As team India shines in 2022, read about the CWG scam of 2010 where one toilet paper roll was purchased for Rs 4,000

India is shining at Commonwealth Games that are taking place in Birmingham, England. So far, India has won 61 medals, with 22 gold, 16 silver, and 23 bronze medals. Indian athletes have won medals in weightlifting, lawn bowls, wrestling, boxing, table tennis, para powerlifting, badminton, athletics and more.

Amid the power-packed performance by Indian players, some dark spots of the Commonwealth Games come to mind. In 2010, CWG were scheduled in India. The event, which should have been a milestone for India’s reputation as a host of international sporting events, became a laughing stock following thousands of crores worth of scams.

The scam created a public outcry and paved the way for the exit of the Congress party from the power corridors in the run-up to the 2014 Lok Sabha elections. Here is the chronology of the infamous tale of corruption.

A high-level committee was tasked to investigate allegations of corruption

The poor infrastructure and unexplained high price paid for minimal items like chairs, umbrellas and toilet papers led to public outcry over the possible scam. As soon as CWG 2010 were over, the then-Union Government appointed a high-level committee comprising of ex-Auditor General VK Shungloo to look into the matter. The committee was asked to look into all aspects of the CWG organizing committee and report within three months to the Prime Minister’s Office.

Congress politicians at the Centre of the CWG scam

Apart from the high-level committee, the Centre directed the Central Vigilance Committee (CVC), IT Department, CBI, and Enforcement Directorate to conduct an independent investigation. During the probe, it was found that a Congress politician by the name of Suresh Kalmadi was at the helm of the financial scam. Kalmadi, a member of the Organising Committee, had procured Timing-Scoring-Result (TSR) systems from a Swedish company called Swiss Timing.

Investigation revealed Kalmadi paid Rs 141 crores to the firm to buy TRS systems. The amount paid to the company was Rs 95 crores more compared to what another bidder MSL Spain had offered. Interestingly, the bidding for the same was held on November 4 2009, the contract was already awarded to Swiss Timing on October 12, 2009. Reportedly, he, along with his aide VK Verma eliminated the competition in return for kickbacks.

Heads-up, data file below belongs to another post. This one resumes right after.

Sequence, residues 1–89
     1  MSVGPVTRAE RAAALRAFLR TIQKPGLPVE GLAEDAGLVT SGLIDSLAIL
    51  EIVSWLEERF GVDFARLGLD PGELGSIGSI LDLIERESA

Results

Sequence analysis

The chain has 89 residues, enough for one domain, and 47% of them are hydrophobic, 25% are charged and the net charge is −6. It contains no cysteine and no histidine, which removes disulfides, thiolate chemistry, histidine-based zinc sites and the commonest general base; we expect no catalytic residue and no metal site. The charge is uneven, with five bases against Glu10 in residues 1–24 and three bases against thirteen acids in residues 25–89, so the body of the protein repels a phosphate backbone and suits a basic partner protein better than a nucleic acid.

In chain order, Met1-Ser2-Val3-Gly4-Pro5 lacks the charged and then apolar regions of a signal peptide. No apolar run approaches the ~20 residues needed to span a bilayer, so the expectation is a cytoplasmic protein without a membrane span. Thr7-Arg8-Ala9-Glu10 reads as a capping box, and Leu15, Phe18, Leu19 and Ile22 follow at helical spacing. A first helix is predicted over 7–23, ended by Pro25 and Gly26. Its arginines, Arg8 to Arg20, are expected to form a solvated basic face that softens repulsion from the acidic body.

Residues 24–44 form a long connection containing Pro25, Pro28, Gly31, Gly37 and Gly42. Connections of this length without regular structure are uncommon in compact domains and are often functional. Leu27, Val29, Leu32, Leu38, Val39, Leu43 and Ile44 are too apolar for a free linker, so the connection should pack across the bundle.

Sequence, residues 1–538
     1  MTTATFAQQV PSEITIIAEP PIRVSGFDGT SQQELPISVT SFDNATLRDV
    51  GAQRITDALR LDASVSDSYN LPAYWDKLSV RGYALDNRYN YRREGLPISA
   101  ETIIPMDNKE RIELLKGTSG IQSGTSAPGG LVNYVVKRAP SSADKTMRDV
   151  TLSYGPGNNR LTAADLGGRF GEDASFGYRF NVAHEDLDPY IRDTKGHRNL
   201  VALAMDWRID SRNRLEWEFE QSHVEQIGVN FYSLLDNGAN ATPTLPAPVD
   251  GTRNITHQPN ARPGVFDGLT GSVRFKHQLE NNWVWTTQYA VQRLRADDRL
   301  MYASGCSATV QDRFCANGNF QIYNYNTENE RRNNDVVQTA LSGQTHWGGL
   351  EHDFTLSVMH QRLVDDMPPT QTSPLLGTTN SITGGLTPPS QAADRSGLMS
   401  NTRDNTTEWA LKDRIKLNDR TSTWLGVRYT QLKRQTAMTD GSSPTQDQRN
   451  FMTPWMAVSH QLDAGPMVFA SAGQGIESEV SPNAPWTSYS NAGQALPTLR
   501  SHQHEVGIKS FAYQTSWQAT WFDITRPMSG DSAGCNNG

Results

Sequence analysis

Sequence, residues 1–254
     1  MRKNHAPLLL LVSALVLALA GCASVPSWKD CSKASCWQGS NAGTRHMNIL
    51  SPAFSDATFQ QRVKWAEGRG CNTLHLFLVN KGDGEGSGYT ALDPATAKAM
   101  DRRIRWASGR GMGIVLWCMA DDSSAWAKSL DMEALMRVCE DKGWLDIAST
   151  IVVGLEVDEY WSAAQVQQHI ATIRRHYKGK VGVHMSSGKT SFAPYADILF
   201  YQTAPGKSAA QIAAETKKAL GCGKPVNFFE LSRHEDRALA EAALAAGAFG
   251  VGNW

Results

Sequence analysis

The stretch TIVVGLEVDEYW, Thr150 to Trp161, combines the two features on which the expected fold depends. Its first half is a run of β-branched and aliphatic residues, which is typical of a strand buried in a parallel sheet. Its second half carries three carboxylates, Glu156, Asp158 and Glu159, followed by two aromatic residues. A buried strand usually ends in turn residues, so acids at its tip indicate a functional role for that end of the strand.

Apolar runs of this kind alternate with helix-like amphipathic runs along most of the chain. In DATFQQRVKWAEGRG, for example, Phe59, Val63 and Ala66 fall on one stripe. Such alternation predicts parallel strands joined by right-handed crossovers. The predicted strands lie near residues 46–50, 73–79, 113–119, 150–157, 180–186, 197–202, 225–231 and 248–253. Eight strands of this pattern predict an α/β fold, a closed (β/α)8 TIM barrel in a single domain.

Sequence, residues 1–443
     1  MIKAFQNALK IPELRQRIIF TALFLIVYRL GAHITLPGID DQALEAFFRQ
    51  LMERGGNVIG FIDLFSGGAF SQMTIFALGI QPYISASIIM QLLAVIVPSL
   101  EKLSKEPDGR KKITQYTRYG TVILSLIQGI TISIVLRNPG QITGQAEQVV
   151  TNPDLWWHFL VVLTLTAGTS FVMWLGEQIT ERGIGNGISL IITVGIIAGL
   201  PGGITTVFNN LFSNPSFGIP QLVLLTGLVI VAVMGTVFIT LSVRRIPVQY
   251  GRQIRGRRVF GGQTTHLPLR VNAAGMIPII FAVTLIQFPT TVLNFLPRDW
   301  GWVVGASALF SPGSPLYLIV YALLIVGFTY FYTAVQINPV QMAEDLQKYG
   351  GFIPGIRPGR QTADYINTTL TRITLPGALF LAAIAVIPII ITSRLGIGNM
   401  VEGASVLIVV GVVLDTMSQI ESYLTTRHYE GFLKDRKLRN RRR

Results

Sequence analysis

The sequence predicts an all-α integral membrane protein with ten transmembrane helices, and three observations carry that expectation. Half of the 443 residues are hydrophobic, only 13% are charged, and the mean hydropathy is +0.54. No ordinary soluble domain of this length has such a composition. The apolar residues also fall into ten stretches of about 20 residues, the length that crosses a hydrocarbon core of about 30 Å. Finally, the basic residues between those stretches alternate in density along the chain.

The Arrest of Suresh Kalmadi in CWG scam: First charge sheet was filed in May 2011

Following the revelations made during the investigation, Kalmadi was arrested by CBI on April 25, 2011 for his role in the Timing-Scoring-Result (TSR) case. On May 20, 2011, a charge sheet was filed against him and eight others, including Verma and Organising Committee Secretary General Lalit Bhanot, for criminal conspiracy, forging documents and passing them off as genuine. The charges were added under the Prevention of Corruption Act, 1988 and Indian Penal Code Sections 120B, Sections 420, 467, 468, and 471. He served a total of 10 months in jail before securing bail.

The absurd amount of money spent on preparation and purchases

During the investigation, it was revealed that the CWG Organising Committee had paid an out-of-proportion amount for preparation and purchases. The initial estimate for organizing CWG in India was Rs 296 crores but the final amount reached Rs 28,054 crores which was almost 100 times more than the original estimate. Reports suggest that over 100 crores were spent on beautification of roads out of which Rs 30 crores could have been easily avoided as there was no need of importing lights for selected roads.

A lot of items were bought or procured at a very high price. For example, first aid kits were bought between Rs 3,934 to Rs 4,741. Tissue papers were bought at price as high as Rs 1,580 per pack. A water dispenser price was declared as high as Rs 11,852. Apart from this, a pigeon-hole cupboard that was of around Rs 5,200 was bought for Rs 14,400. A bookcase was bought for Rs 7,655 but the original price was Rs 2,840. Stackable chairs were bought for Rs 1,542 a piece but the original price was Rs 720. Interestingly, toilet paper rolls were bought at Rs 4,000 a piece, a price that could have been sufficient for a silver-foiled toilet paper pack.

Rs 30 crores were spent on flower pots. Rs 80 crore bill was raised for dumbbells. Not to forget, a footbridge had collapsed on the last leg of preparation and the Army had to be called to provide logistics to complete it before the games started.

50 cases in CWG scam still pending, RTI revealed in 2020

The cases linked CWG scam are still pending in the courts. As per an RTI filed by the Indian Express in 2020, over 50 cases of payment disputes related to the Commonwealth Game scam still remain pending. The Indian Government had informed that about Rs6.92 crores had been paid by it to the arbitrators as of March 31, 2020. Citing sources, Indian Express reported that close to Rs700 crores worth of contract disputes are yet to be settled.

Furthermore, the RTI said that the 50 cases involved 33 vendors, authorities and individuals. Some of the firms include Swiss Timing (contracts worth Rs 135.27 crore), Nussli India (Rs 140 crores) and Electronics Corporation of India (Rs 346 crores). It must be mentioned the Comptroller and Auditor General (CAG) of India had reported that the budget of the CWG had increased from Rs 297 crores in 2003 to Rs 18,532.31 crore in October 2010.

The Government, in its RIT reply, informed, “Payments are made to the concerned Party(ies) as and when due based on Arbitration awards/Court orders… Interests are paid, if any, to the concerned Party(ies) as and when due based on Arbitration awards/Court orders.”